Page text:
News

  • Providers: Learn Basic Steps to Assess Suicide Risk of Service Members
    By following basic steps for suicide risk assessment, providers can mitigate risk of overdose for patients starting opioid therapy
    Graphic courtesy of Deployment Health Clinical Center

    A recent Deployment Health Clinical Center (DHCC) Clinician’s Corner blog highlighted what providers need to know to complete a comprehensive suicide risk assessment. Dr. Jennifer Tucker, a clinical psychologist at DHCC, discussed the specific questions providers should ask, what information to gather from the patient, and how to evaluate common risk and protective factors.

    The increasing focus on stemming the tide of the opioid epidemic in the U.S. has highlighted the risk for opioid overdose in individuals who are or become suicidal while taking opioids. In order to mitigate overdose risk, the 2017 VA/DoD Clinical Practice Guideline for Opioid Therapy for Chronic Pain  advises prescribers and other clinicians working with opioids to assess their patients for suicide risk before initiating long-term opioid therapy as well as when continuing treatment.

  • Annual DOD Psychological Health, TBI Summit Features State of Science
    Coming soon DCoE 2017 Summit banner with #DCoESummit17 and #StateoftheScience
    Graphic by Defense Centers of Excellence for Psychological Heath & Traumatic Brain Injury

    The 2017 Defense Centers of Excellence for Psychological Health and Traumatic Brain Injury (DCoE) Summit themed, “Advances in the State of the Science and Best Practices,” begins Tuesday. The live, virtual summit will run until Thursday. Health care providers, researchers and service members are encouraged to join.

    Registration for the summit will remain open through the event, but it’s a good idea to register as early as possible to secure a spot. View the summit agenda for the full list of presentations to help plan your days.

  • TBI Experts Brief Draft Consensus Statements at MHS Research Symposium
    MHSRS will be held August 27-30, 2017 at the Gaylord Resort and Convention Center in Kissimmee, FL
    Graphic courtesy of Defense Health Agency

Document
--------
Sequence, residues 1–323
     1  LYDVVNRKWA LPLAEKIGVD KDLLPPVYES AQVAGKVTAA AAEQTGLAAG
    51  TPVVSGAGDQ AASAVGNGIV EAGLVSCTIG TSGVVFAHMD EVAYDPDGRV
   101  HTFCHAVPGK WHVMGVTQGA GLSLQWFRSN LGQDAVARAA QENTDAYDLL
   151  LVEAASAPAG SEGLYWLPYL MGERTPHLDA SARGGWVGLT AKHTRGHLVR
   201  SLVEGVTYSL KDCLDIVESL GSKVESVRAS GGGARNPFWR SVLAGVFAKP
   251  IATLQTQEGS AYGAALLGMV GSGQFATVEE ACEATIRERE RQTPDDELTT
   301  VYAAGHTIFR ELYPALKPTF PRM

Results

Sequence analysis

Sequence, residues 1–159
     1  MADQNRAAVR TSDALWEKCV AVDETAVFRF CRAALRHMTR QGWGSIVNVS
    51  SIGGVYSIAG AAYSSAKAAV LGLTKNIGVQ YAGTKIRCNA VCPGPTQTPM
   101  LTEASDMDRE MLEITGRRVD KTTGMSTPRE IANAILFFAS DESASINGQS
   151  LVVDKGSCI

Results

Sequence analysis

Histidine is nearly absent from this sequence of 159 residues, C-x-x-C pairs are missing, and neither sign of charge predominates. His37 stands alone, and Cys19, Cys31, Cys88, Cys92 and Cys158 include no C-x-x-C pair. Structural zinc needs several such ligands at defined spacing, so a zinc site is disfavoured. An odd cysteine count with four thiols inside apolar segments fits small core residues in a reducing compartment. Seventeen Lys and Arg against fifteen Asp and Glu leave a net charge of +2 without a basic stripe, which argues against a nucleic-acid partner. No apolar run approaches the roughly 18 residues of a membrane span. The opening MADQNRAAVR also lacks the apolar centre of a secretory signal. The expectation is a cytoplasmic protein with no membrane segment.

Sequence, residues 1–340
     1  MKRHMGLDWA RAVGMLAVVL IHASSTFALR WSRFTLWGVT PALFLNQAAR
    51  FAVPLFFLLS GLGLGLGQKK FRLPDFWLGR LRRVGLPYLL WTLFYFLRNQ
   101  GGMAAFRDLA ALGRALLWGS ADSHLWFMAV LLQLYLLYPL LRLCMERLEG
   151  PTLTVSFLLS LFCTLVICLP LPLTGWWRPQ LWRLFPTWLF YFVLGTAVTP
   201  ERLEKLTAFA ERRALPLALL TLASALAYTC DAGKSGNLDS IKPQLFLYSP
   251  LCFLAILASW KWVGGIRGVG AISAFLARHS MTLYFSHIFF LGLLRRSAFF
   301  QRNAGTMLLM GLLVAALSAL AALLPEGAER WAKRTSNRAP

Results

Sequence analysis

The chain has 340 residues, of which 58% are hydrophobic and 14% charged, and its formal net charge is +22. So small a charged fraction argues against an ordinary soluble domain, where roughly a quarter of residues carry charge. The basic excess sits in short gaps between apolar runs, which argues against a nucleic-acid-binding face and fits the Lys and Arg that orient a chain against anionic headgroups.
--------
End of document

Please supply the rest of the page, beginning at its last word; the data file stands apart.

The Defense and Veterans Brain Injury Center (DBVIC) and interagency working groups are presenting draft traumatic brain injury (TBI) consensus statements during breakout sessions at the annual Military Health System (MHS) Research Symposium. Their goal is to review the current state of the science for TBI clinical care, distill recent TBI research for use in clinical practice, and identify areas that deserve further investigation.

    Work groups conducted weekly or bi-weekly teleconferences to review evidence and draft consensus statements. Topics were developed, reviewed and approved by the TBI Advisory Committee and support the MHS TBI Pathway of Care.

  • Experts Talk Knowledge Translation, Benefits for Military Health System
    Graphic courtesy of the Defense Health Agency

    Researchers from all over the globe gathered this week at the annual Defense Department Military Health System Research Symposium (MHSRS). Known as the top military medical conference in the world, it is an academic-based venue for professionals to talk, learn and share with each other. The focus of this year’s event was how military medical experts use cutting-edge research to improve care for the warfighter.

    Dr. Richard Stoltz, Defense Centers of Excellence for Psychological Health and Traumatic Brain Injury (DCoE) acting director, spoke at this year’s MHSRS. Along with colleagues, Stoltz introduced the knowledge translation process developed at DCoE. He focused his discussion on how using a systematic approach and best practices can impact military psychological health challenges.

  • Knowledge Translation: What is it, How Will it Help?

    Researchers gather at the annual Military Health System Research Symposium (MHSRS) to share new discoveries from military-unique research. This event is the only meeting that focuses on the specific medical needs of the warfighter. One topic of discussion at this year’s symposium is knowledge translation.

    On average, it takes over a decade before medical research is accepted and put into clinical practice at hospitals or clinics – too long a wait for those who need treatment. Knowledge translation can help speed that up. It’s basically a process to take medical research findings and put them into evidenced-based treatments in a more timely and useful way. A successful process is one that is standardized and adaptable.

    Defense Centers of Excellence for Psychological Health and Traumatic Brain Injury (DCoE) and Defense Health Agency are working together with other agencies to standardize knowledge translation processes for the Military Health System (MHS). The overall goal is to ensure service members and veterans continue to have access to the latest and best treatments available.

  • ‘Tech into Care’ Pilot Aims to Help Providers Use Mobile Apps with Patient Care
    The five mobile apps pictured: breathe to relax, life armor, PTSD coach, T2 mood tracker, and virtual hope box
    Graphic courtesy of Deployment Health Clinical Center

    A recent National Center for Telehealth & Technology (T2) survey explored the barriers that military health care providers face when they try to use technology with psychological health treatment. In response, Deployment Health Clinical Center (DHCC) launched a pilot program to offer solutions. The Tech into Care pilot will help providers at Navy and Air Force behavioral health clinics use five popular mobile apps with their treatment practices.
     

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